The case of a former Russian senator, whose bank owes the state more than $1 billion, has grown into one of the biggest financial scandals in Russian history, exposing drastic drawbacks in the country’s banking regulations.
Russian businessmen making it onto the UK’s rich list have become a common thing – just as Russian investigators, in turn, take an interest in their affairs.
Sergey Pugachev has everything: a fortune in several banks, a couple of private jets and numerous properties – from the Cote d’Azur to London.
Married to a Russo-British socialite, he was a guest at Prince Albert’s recent royal wedding in Monaco. Among the top ten richest people in the UK according to last year’s Sunday Times newspaper, Pugachev leads a life many would envy. He even made his wife a star of a TV advertising campaign in France for the grand French food store Hediard, which he owns.
However, all that is hardly a consolation at home – in Russia – where he owes billions of rubles to his bank’s creditors.
“As a result of misconduct and violations by the management and founders of Mezhprombank its creditors suffered damages totaling more than US$1 billion,” reported Investigative Committee spokesman Vladimir Markin.
Last year the International Industrial Bank known in Russian as Mezhprombank was the first private bank to default on euro bonds in more than 10 years.
It received a more-than-$1 billion loan from the Russian state as part of the anti-crisis support program. But the state has not been returned the money – nor have all the creditors been paid off.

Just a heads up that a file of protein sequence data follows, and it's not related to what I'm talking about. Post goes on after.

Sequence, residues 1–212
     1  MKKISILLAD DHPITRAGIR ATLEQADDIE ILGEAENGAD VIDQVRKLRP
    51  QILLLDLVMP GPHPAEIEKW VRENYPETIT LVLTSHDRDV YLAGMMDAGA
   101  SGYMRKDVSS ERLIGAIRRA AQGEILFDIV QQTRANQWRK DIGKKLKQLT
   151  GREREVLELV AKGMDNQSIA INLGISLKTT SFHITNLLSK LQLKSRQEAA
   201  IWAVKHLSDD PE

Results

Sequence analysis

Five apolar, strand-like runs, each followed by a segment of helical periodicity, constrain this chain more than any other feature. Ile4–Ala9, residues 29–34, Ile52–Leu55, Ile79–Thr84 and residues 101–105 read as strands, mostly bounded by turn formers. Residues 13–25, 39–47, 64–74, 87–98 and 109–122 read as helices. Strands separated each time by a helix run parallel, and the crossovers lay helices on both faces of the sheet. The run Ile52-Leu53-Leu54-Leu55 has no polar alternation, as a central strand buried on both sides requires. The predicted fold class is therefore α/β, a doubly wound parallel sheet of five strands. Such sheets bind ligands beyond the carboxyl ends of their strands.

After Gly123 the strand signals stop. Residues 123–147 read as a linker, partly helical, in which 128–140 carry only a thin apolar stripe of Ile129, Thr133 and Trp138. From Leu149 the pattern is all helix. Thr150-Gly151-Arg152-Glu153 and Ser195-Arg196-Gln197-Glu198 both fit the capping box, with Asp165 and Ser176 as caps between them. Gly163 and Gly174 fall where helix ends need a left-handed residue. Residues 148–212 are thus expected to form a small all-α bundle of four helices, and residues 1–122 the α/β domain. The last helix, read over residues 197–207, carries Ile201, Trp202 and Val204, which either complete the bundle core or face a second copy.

“It was Mr Pugachev’s pocket bank that catered for his various businesses. In the wake of its license being revoked, it practically halted its operations and focused on transferring the assets through credits to shell companies that moved it on and on. And in the end the money most probably ended up in the structures affiliated with the owner of the bank,” explained the general director of Russia’s Deposit Insurance Agency, Aleksandr Tourbanov.
The bank’s database was deliberately erased and investigators say the bankruptcy was intentional. It is the largest bankruptcy case of a financial institution in Russia’s modern history. Along with the bank, the rest of Pugachev’s business empire seems to have dissolved into other offshore assets.
A similar scandal broke out with the Bank of Moscow, Russia’s fifth-largest bank. The review revealed a gaping hole in the books, with bad loans totaling $9 billion, or nearly a third of its assets. The former head of the bank is also hiding in London.
The bankruptcy of Mezhprombank last year and the recent downfall of the Bank of Moscow, reveal that the country is in desperate need of stronger banking supervision. And while those responsible for the damage enjoy their lives outside Russia, it is the state and its people that have to carry the burden of their losses.